in the Tokyo Declaration. Second, 2015 will be the 70th anniversary of the Hiroshima
and Nagasaki bombings and it is likely that Japan will want to mark this event. This will
provide an opportunity for India, given its long-standing commitment to a nuclear-weapon-free
world, to conceive of and launch a new disarmament initiative together with Japan. Such
approaches can help create an environment conducive to concluding pending negotiations.
Shift with Australia Coincidentally, the highlight of Australian Prime Minister Tony
Abbott's visit to India was also the signing of the Civil Nuclear Cooperation Agreement,
under negotiation since 2011. Once again, though Australia's security is guaranteed by
the U.S. nuclear umbrella, it has remained insensitive to India's security concerns arising
out of Chinese proliferation activity in Pakistan. In 1996, when India decided to withdraw
from CTBT negotiations citing national security concerns, Australia flagrantly disregarded
international law and took the lead in introducing a provision that made the CTBT entry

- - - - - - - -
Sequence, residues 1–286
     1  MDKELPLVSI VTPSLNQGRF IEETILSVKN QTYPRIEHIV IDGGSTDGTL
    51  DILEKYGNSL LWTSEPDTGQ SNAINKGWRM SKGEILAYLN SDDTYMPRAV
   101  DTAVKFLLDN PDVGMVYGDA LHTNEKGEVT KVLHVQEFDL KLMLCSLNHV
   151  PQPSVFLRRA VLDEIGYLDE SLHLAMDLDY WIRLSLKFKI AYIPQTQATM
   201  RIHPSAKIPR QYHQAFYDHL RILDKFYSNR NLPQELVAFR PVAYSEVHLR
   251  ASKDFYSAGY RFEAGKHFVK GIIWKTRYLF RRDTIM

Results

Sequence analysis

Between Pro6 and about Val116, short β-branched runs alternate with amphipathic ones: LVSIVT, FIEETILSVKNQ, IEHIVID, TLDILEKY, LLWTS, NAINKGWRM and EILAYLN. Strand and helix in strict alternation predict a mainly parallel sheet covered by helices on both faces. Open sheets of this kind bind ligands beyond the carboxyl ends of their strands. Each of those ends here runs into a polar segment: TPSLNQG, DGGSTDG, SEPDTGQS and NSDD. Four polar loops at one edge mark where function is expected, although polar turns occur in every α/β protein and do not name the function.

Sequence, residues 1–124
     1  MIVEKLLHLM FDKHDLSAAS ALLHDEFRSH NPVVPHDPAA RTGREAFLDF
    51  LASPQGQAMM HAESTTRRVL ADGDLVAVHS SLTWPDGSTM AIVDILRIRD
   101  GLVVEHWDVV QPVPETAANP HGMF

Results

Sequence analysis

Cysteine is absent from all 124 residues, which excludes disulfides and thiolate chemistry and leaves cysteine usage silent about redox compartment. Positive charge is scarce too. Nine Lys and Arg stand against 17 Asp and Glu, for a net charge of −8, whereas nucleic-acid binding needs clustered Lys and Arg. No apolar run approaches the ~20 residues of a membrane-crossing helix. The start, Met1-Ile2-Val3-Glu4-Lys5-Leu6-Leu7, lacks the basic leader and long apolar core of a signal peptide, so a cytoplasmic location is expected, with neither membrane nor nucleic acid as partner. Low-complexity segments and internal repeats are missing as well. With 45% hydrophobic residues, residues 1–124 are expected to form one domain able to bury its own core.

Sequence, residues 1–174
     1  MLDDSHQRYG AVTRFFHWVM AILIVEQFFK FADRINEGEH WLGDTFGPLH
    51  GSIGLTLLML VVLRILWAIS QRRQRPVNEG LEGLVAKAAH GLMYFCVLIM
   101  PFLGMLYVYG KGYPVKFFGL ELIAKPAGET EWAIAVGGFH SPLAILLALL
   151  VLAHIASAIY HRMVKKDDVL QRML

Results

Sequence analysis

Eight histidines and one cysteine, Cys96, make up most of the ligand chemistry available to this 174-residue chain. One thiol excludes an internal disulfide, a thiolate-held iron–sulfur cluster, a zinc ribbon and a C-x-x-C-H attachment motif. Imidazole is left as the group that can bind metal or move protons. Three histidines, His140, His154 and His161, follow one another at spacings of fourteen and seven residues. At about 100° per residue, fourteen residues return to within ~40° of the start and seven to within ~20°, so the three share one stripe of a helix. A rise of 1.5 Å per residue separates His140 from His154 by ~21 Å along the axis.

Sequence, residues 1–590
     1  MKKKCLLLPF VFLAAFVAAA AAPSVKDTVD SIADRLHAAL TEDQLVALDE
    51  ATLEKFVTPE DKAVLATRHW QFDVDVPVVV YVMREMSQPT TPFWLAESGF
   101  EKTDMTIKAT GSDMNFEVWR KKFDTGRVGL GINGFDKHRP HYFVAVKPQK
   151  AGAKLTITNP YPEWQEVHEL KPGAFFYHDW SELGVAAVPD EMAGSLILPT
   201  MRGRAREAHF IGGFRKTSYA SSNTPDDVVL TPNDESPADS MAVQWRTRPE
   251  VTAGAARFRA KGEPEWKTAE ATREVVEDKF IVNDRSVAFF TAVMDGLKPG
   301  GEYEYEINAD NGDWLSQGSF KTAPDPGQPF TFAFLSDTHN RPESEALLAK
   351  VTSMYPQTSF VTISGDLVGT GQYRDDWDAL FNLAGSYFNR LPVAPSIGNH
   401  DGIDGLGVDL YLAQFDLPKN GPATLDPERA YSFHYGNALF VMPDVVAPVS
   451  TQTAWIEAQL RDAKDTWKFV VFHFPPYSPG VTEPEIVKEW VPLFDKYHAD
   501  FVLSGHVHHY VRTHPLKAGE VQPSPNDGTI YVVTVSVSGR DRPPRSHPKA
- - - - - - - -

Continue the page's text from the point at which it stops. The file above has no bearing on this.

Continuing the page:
into force contingent on India signing and ratifying it! In 1998, it was one of the most
vociferous critics of India's nuclear tests. Patient diplomacy and changing geopolitics
in the region persuaded Australia to develop a better appreciation of India's stabilising
influence. With a third of global uranium reserves, Australia exports nearly 7,000 MT
of yellowcake annually. In 2008, it began exporting to China and in 2010, to Russia also.
With India, our non-adherence to the NPT remained a stumbling block, especially with
the Labor party, till Australian Prime Minister Julia Gillard reversed the policy and opened
the door for negotiations. While India's requirements, at 1,000 MT annually, are modest
and we also have supply arrangements with Canada, Mongolia, France and Kazakhstan,
among others, the agreement with Australia has enormous symbolic value because of our
vexed relationship on the whole nuclear non-proliferation issue. Mr. Abbott's statements